At the age of three, an enthusiastic graduate student diagnosed my niece as having mild autism because her sentence structures were strange and not in accordance with the prevailing standards for sentence structuring among three year olds. Today, at 17, that same niece is an A student involved in theater, music, graphic design, and has self-published two children's books. Her garbled sentence structure at three years old was caused not by autism but by an overly creative brain that produced non-standard results on the standard tests. I'm sure you all have your own stories to tell of people who didn't fit the norm and were judged wanting in our quantified society where grades, income, degrees, ratings, and numbers of all sorts are used to judge your worth. I even read about churches that have devised formulas to determine the most efficient ratio for money spent on programming versus the number of souls those programs save. It's not that those churches really believe you can put a price on a soul; it's that they, like every church, have to produce an annual report and propose a yearly budget and so they have decided that this is the best way to justify to their congregations that pledges are being used wisely.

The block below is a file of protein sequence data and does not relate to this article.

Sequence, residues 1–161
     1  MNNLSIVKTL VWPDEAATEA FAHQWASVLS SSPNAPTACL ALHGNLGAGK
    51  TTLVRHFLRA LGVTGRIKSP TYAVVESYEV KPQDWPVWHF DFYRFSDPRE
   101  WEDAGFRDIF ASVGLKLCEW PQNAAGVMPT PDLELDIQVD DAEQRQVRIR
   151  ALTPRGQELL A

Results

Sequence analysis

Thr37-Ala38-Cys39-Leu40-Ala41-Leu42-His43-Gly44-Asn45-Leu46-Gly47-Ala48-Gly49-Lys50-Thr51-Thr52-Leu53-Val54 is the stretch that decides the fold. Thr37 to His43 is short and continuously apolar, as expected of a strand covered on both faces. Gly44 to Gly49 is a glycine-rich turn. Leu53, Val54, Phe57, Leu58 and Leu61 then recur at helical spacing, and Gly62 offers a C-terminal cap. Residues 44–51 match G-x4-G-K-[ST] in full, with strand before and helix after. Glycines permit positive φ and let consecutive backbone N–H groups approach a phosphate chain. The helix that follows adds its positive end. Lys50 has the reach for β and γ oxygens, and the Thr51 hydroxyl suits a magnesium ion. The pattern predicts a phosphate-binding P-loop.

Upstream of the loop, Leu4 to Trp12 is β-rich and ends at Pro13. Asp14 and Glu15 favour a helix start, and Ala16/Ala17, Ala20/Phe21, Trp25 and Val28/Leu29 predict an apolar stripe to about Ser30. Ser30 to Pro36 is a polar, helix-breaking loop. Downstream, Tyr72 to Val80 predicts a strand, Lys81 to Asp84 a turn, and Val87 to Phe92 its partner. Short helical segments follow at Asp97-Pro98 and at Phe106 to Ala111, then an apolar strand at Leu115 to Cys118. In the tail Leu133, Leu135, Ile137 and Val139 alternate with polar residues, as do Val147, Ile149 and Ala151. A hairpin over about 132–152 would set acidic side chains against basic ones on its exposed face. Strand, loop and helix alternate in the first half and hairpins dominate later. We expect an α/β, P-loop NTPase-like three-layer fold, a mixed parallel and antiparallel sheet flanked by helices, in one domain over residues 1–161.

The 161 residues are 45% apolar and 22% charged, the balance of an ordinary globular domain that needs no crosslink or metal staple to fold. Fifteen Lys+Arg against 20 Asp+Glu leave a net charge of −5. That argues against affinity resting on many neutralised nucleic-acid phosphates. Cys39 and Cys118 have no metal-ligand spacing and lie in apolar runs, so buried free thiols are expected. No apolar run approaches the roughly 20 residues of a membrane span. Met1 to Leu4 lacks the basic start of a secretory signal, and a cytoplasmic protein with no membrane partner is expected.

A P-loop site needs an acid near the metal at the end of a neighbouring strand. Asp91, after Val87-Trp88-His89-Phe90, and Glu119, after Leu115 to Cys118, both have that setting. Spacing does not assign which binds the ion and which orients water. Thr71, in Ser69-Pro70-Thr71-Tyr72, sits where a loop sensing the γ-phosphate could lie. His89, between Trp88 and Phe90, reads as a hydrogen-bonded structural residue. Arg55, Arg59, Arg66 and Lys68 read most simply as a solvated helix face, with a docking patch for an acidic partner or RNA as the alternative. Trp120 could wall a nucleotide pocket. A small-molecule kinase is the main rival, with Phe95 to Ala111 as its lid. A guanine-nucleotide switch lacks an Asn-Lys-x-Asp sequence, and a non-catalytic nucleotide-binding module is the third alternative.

"Look," they say, "we spent $100,000 this year and baptized twenty new converts, which was a 20% improvement over last year's QEL (Quality of Eternal Life) quotient. If you each raise your pledge by 5%, we have calculated that the total gain in QEL's will be 6.2*n/(p*c)2 where n = the number of converts, p = pledge amount and c = congregants. "2
Ok, maybe they don't go that far, but I don't know a single church that doesn't list in its annual report its attendance, the number of Christmas boxes prepared, the number of baptisms, new members, and programs accomplished over a year. We want to put something down on paper that proves we have been doing God's work and we don't know how to measure it without using numbers.
And what goes for the church goes for all facets of our lives. We judge how well we are doing with our lives by how well our kids turned out, how many accolades we have received, how much we make, or -- in our more selfless moods -- we judge our effectiveness by how many poor families we have helped, how many houses we have built for Habitat for Humanity, how many hungry mouths we have fed, how many worlds we have saved, wars we have stopped, animals we have kept from extinction, and hearts we have converted through our love!
And when the world looks just as dry and dreary as it did when we started
caring, we are discouraged and tempted to stop caring all together because
after all, has anything we've done made a difference?
So listen very carefully again to what Jesus is telling us in these parables:
Jesus is not saying, "Don't worry if some years you don't produce the kinds of results you expected;" Jesus is saying, "Don't think about results, period. The knowing is God's job. Your job is the sowing."
Jesus is not saying, "Don't worry if you can't see the results immediately
or even in your lifetime;" Jesus is saying, "Don't think about
results. The knowing is God's job. Your job is the sowing."
Knowing is God's job -- your job is the sowing.
2 Don't try this at home I made this up :)